Like Craig Green’s collaboration with
“A lot of the ideas in the collection are still about protection, but this season was a different protection theme,” Green told HYPEBEAST after the show. “The start of the collection came from an image we found of the most decorated man in the Guinness Book of World Records? The term ‘decorated man’ itself has an interesting double meaning, because usually you decorate something to make it look better. We were thinking about the things you aspire to, as you get older, the man you think you’re going to be, and the things you think you’re going to get. This refers to protecting a conceptually, you are protected by the things you gain as you age.
The collection, and with it this season’s adidas collaboration, was also influenced by the show’s backdrop, the Musée de L’Homme. “It’s an anthropological museum exploring different ideas about masculinity and men,” Green continues. “That idea really ties into what we were exploring in the collection, and that helped inform it. Those ideas also tie into the shoes, how they were constructed, and the materials used.
“Sometimes when you have too many options, it gets in the way of the creative process.”
For the shoes in the collection, Green revisited arguably adidas’ most well-known silhouette, taking the Stan Smith and twisting it in several different directions. “It’s one of adidas’ signature shapes, and we always try to use icons in our collection,” adds Green. “This season we considered the suit to be an icon of clothing, so it just felt right to take something iconic from adidas and twist it the same way we twist the suit: take something traditional or iconic and challenge what it might be.”
The Stan Smith comes in a number of constructions, including the Stan Smith BOOST – featuring an all-BOOST constructed upper – as well as the “Split Stan” and “Flat Stan” sandals. Likewise, the Retropy received a BOOST-focused redesign, with the technology used throughout the race-inspired silhouette.
“Previously, we’ve worked with multiple adidas shoes in one show, but it just felt right to stay a bit more focused this season and work within the boundaries,” Green continues. “If you only have the Stan Smith, what can you do with it? Working within limits is such an interesting way to work. Sometimes when you have too many options it gets in the way of the creative process.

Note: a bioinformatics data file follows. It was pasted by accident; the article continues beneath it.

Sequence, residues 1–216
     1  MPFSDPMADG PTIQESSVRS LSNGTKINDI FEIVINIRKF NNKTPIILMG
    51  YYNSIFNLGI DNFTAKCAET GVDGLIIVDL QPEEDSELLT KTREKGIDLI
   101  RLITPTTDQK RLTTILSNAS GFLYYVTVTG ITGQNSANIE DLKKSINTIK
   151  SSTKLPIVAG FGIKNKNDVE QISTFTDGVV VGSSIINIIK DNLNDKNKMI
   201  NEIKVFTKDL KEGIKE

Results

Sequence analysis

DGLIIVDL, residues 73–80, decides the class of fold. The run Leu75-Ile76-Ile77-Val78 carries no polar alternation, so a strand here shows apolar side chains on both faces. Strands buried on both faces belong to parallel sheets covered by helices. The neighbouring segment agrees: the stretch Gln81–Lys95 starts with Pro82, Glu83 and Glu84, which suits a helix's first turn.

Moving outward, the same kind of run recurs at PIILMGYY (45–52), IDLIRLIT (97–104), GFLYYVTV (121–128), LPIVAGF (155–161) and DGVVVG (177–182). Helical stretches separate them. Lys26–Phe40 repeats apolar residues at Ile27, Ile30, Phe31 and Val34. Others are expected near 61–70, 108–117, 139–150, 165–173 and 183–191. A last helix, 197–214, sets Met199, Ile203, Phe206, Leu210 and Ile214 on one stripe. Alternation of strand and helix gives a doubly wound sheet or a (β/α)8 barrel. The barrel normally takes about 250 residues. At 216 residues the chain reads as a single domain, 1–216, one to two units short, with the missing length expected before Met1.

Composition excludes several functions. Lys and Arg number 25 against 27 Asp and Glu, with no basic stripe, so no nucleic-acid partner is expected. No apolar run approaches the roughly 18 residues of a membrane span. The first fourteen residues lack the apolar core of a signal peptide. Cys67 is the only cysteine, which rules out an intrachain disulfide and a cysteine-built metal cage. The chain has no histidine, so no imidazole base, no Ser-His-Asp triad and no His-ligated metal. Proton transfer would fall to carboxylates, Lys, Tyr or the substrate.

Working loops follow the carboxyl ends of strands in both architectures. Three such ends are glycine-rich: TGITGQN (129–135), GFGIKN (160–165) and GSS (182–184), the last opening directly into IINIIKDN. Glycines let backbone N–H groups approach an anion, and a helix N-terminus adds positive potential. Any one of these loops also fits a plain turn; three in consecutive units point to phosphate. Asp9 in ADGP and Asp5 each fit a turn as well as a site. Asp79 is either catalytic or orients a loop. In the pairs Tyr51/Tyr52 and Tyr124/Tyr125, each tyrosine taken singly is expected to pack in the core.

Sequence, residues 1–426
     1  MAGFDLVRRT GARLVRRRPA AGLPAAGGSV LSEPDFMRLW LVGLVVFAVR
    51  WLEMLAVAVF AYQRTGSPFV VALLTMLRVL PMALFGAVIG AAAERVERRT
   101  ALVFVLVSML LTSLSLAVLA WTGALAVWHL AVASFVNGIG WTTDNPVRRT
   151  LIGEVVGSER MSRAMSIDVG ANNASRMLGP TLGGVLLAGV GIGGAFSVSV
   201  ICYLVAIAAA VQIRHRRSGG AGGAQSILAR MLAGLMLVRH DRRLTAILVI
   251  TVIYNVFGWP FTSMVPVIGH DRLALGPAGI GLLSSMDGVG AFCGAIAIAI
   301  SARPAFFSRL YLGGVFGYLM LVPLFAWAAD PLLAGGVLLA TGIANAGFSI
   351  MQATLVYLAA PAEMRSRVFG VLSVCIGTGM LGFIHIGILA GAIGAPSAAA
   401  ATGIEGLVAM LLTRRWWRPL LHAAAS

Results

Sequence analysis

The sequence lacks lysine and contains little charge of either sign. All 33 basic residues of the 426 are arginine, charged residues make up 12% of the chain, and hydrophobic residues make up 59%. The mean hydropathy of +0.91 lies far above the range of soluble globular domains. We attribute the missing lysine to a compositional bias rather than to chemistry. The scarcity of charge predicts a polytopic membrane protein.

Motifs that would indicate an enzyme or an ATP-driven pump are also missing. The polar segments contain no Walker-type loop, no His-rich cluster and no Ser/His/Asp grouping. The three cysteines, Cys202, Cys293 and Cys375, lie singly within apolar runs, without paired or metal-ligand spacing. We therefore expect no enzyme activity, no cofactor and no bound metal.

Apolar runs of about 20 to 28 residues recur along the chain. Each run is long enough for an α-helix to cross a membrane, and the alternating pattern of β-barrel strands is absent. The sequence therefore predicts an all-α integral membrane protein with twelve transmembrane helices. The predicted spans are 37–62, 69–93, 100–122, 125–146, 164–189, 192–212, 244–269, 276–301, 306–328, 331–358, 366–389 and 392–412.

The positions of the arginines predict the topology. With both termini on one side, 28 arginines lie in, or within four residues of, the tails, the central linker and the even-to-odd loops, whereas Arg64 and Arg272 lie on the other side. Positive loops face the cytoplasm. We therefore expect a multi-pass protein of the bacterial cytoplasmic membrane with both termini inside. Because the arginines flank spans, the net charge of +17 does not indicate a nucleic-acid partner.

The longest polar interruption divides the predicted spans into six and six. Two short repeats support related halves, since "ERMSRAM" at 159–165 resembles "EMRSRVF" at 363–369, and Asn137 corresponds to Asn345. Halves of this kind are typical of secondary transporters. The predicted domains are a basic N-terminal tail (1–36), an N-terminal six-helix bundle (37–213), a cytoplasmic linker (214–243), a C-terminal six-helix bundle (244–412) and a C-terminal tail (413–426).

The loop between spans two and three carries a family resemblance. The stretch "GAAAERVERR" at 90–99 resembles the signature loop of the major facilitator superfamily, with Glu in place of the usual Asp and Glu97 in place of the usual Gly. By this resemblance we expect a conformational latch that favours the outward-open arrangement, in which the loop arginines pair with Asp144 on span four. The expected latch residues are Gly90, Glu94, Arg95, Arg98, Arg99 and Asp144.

Along with wearable adaptations of the Stan Smith and the Retropy, both silhouettes have also arrived in more concept designs. This approach also referenced Green’s larger collection and how it was presented. “The same way we build the collections, the sculptural element is so important,” he says. “We always have a more conceptual and sculptural side to the collections, but we compensate for that with something very accessible and understandable. Sculptures are more interesting because there’s something approachable about them, and clothes are more interesting because there’s something sculptural about them. Playing between these two extremes is always very important in the way we develop collections and it’s the same with shoes. You have to have the storytelling aspect to understand the affordable, and the affordable to understand the storytelling aspect.
This approach is also the cornerstone of Green’s work with adidas, which has spanned more than three years. “They encourage this experimentation and allow us to do extreme things as well as develop products that people can access,” he says. As the partnership continues to evolve, the past three years of experimentation and collaboration have laid a solid foundation.
“Over time, the relationship only gets stronger because you learn to work with each other in the best way possible,” Green concludes. “After all these seasons, we know each other very well and we know that we can work in such a way as to push the ideas further and further. The relationship has solidified and we understand the way we both like to work, and we understand how to best balance both aesthetics.